The unfortunate consequences of sarcopenia may include increased risk of fall and fractures as well as disability.

So, it’s clear both resistance training and aerobic exercise have physical as well as cognitive benefits and they help you prevent age related memory loss and cognitive decline.

Best memory supplements for seniors

The three supplements we recommend for improving memory and cognitive function in seniors are all common compounds found in many foods.

The levels of these compounds in typical diets are very low however and especially seniors can benefit from the higher concentrations. All of our recommendations are backed up by science as always.


Creatine is a compound mainly found in red meat. It has been used for decades by bodybuilders and power athletes to increase muscle mass and performance. It’s not common knowledge that creatine can actually increase cognitive performance and especially help return impaired cognitive function to prior level.

Creatine supplements increase your body’s stores of phosphocreatine, which is used to produce new ATP, the basic fuel of the mitochondria within your cells. This include both muscle and brain cells, that is.

The brain is the most metabolically active organ in the body and thus is particularly vulnerable to disruption of energy resources like ATP. Lack of energy will lead to cognitive decline. Creatine supplement can help maintain the energy levels within the brain cells and thus increase cognitive performance.

You can get creatine from red meat but to get the several grams of it from diet alone would mean you’d need to eat 2.5 lbs of meat a day which is clearly not sensible or maintainable. Consuming red meat has been associated with increased risk of several cancers so it would be much wiser to get your creatine in a supplement form.

There are several different forms of creatine supplements on the market (like monohydrate, citrate and pyruvate) but it has been concluded in many studies that the most affordable form of creatine, creatine monohydrate is just as potent as the more expensive ones.

Your body also synthesizes around 1 gram of creatine, at least in young adults so you should start with 2 to 3 grams of supplemented creatine and see how your body reacts. The brand we recommend is the Dual Health creatine monohydrate bulk powder.

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Phosphatidylserine is an organic phospholipid that found in the cell membrane of every single cell in your brain. It has two very important biological functions.

Firstly it works as a cell signal for apoptosis, or cell death. When a cell reaches the end of its life cycle or becomes compromised, Phosphatidylserine in the cell membrane signals macrophages, the white cell scavengers of our body, to engulf the cell and get rid of it. Secondly phosphatidylserine plays an important role in blood coagulation.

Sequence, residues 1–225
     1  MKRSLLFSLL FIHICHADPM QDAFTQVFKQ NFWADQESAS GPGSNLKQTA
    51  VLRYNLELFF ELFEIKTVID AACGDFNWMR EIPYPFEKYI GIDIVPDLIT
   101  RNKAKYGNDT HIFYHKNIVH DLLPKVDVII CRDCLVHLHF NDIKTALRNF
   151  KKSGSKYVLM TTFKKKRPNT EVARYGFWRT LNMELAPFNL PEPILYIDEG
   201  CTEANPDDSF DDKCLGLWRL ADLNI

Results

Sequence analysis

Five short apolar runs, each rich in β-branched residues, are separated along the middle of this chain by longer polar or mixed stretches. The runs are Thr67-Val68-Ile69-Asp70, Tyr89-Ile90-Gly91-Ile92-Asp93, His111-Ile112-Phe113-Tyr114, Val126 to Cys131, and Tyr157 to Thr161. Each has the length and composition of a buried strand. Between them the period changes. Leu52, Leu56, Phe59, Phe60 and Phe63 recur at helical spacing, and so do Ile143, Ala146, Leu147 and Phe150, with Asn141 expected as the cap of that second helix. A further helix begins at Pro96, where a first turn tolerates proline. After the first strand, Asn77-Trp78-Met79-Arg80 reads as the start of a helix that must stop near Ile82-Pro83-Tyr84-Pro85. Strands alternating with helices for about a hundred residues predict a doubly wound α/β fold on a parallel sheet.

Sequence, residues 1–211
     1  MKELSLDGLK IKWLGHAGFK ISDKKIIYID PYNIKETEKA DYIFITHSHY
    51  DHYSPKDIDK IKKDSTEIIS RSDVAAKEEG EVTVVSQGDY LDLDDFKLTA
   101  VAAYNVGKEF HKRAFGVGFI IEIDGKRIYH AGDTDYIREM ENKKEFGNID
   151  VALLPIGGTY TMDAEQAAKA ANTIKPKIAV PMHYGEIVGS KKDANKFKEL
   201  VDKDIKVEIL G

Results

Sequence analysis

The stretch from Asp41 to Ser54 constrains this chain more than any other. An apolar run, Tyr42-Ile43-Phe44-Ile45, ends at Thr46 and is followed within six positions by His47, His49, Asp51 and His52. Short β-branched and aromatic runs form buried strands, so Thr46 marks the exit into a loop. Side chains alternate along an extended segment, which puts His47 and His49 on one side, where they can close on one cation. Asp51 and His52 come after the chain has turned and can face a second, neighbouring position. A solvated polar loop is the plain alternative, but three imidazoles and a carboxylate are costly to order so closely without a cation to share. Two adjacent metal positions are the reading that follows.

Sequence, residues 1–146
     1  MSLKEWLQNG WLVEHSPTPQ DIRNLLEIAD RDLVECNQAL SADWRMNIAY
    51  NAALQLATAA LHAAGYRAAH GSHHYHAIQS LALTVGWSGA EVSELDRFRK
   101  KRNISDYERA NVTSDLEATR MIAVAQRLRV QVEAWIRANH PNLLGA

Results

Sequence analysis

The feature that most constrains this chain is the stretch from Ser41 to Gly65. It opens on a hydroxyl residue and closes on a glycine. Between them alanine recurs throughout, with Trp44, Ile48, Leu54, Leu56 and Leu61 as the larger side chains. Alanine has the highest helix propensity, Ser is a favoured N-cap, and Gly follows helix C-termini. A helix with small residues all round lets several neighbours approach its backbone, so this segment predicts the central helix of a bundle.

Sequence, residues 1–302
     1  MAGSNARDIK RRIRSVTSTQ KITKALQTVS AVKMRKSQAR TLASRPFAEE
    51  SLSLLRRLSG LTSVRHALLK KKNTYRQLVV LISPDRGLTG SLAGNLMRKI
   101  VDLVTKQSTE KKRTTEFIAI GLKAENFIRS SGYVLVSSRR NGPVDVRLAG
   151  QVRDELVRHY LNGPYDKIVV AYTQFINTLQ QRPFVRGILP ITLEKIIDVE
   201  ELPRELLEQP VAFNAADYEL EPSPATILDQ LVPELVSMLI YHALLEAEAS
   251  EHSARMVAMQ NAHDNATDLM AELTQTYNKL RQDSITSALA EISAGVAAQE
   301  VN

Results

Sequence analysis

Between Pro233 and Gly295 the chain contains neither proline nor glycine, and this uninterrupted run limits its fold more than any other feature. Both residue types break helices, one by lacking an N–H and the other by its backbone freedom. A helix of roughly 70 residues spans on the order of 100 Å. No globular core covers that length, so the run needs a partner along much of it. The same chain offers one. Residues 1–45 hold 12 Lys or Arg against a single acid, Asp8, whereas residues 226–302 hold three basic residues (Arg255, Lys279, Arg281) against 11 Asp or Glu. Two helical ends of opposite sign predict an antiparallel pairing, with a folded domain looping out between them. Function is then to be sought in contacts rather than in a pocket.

Phosphatidylserine is bio synthesized in the body in small amounts but it’s mostly acquired through diet. The highest sources of Phosphatidylserine are meat and fish. Vegetables have only very low levels of this compound except for soy beans.

There has been some research on Phosphatidylserine on its beneficial effects on memory and cognition.

There is some debate if phosphatidylserine extracted from meat has the same benefits as soy based phosphatidylserine, as the soy based compound is the only one with some scientific proof of improving memory function in seniors with memory issues, like shown by this study done on Japanese elderly.

The study concluded that:

“in the subjects with relatively low score at baseline, the memory scores in PS treated groups were significantly increased against the baseline, while those of placebo group remained unchanged.”

Meaning that the seniors with the most issues with memory and cognition had the most benefit from phosphatidylserine, while the seniors without any significant issues had no significant benefit from it.

This doesn’t mean that using supplemental phosphatidylserine doesn’t provide some protection against cognitive decline but the researchers have concluded this requires more extensive studies to be proven.

Phosphatidylserine definitely seems to be a promising supplement and because it’s abundant in your body it’s considered a very safe supplement. Our recommended brand is the Bestvite Phosphatidylserine

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Resveratrol is a natural compound found in red grapes and thus in red wine. It has been speculated to been one of the key elements that makes the Mediterranean diet so good for cognitive and cardiovascular health. It is also found in some berries and peanuts in small quantities.

Resveratrol is essentially an antioxidant that is best known for its potential for lowering cholesterol levels and preventing coronary heart disease.

Studies suggest it can have beneficial effects for lowering blood pressure, blood fats, lengthening lifespan (at least in certain animals), increasing insulin sensitivity, joint pain, cancer cell suppression and most importantly for our use it protects the brain and can improve memory.

Unfortunately most studies of resveratrol have been done on animal and comprehensive human studies are lacking. However, this study provided evidence that resveratrol can improve memory performance in older adults: